BY STEPHEN BOURNE
Many police officers wonder what they’ll do when they retire. They might write a novel, start a new career, drive a cab or move to sunny Spain.
How about a film extra? I discovered something very interesting while watching the credits at the end of Blackmail, the 1929 thriller directed by Alfred Hitchcock.
Listed ninth on the cast list as The Detective Sergeant is ex-Detective Sergeant Bishop – late CID Scotland Yard.
It is a smallish supporting role but the only one that I am aware of that is played by a real life – albeit retired – police officer.
Historically the film is important. After starting production as a silent film, it was decided to convert Blackmail into a sound film during the filming.
Further investigation reveals that Mr Bishop can also be seen in Hitchcock’s 1935 classic The 39 Steps.
He is clearly visible in a policeman’s uniform in the climax to the story which involved its star Robert Donat being filmed on location at the famous London Palladium.
DS Bishop’s placement in these films is especially curious since Hitchcock often expressed a fear of British policemen that started when he was just five years old.
Hitchcock described himself as a well-behaved child but his father had a cruel streak. At the age of five, Mr Hitchcock sent his son to the local police station in Leytonstone with a note.
When a policeman read the note, he locked the little lad in a police cell for five minutes, saying: “This is what we do to naughty boys.”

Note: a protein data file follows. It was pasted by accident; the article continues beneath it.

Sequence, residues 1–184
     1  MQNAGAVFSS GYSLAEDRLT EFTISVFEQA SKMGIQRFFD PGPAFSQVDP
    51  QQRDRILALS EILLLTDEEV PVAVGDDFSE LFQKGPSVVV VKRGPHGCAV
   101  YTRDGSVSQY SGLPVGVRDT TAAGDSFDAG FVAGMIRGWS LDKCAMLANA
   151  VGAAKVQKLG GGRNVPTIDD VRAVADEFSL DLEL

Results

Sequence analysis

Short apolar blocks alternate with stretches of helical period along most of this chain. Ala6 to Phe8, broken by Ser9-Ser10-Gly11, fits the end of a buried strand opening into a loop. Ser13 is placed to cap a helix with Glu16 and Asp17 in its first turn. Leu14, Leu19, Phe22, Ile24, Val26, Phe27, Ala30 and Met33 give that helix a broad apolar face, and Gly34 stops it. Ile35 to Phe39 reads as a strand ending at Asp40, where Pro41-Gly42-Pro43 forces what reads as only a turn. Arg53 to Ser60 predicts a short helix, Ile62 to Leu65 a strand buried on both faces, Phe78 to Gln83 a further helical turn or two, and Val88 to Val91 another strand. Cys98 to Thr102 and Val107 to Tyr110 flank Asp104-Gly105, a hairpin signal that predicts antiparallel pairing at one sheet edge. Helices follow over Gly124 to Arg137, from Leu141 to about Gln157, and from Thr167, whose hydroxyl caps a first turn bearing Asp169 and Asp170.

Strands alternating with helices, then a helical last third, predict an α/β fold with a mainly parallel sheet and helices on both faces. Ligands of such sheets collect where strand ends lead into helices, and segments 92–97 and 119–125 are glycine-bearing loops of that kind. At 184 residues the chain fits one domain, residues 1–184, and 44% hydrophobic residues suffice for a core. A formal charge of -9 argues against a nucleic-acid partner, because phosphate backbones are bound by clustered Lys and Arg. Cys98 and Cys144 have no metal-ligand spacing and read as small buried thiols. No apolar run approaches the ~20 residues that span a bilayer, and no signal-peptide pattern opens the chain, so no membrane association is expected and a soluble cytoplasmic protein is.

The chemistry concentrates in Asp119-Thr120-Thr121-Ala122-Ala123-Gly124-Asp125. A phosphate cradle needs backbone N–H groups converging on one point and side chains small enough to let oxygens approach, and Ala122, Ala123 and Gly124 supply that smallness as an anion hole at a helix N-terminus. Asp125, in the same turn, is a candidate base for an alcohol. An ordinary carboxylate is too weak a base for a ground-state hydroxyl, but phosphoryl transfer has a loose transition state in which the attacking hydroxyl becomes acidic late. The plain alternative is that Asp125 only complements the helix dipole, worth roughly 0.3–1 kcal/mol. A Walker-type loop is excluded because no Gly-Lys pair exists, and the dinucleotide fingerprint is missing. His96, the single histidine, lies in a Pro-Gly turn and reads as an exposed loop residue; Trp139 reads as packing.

The experience traumatised him and left him with a lifelong fear of policemen.
In 1973, Hitchcock, famous for such scary film classics as Psycho and The Birds, said he was “scared stiff of anything to do with the law” and wouldn’t even drive a car in case he got a parking ticket.
Hitchcock’s biographer Donald Spoto explained in The Dark Side of Genius (1983): “Throughout his life, Hitchcock insisted that his brief boyhood jailing scarred him for life with a terror of the police, and he pointed to the recurring motif in his work of the innocent man, arrested and imprisoned, as an attempt to exorcise the childhood trauma.”
Through some research with the Metropolitan Police Heritage Centre I found that the likeliest officer is Detective Sergeant James Bishop (Warrant No. 85202) who served as a police officer from 1899 to 1925.
Records show he was born in Ockley, Surrey in 1877 and died in 1969 at the age of 92. Then I found a South London connection.
In the 1901 census then-Constable James Bishop was shown as residing in the section house of Southwark police station in Borough High Street.
By 1911, the census showed that he had been promoted to Detective Sergeant and lived with his wife Maude and three children at 47 Marlborough Road off the Old Kent Road.
The question now is why Alfred Hitchcock used DS Bishop in two of his films, especially given his expressed fear of police?
Despite pouring through a number of books about Hitchcock and contacting experts on the legendary film director, the trail of the elusive DS Bishop has gone cold.
But the case continues.
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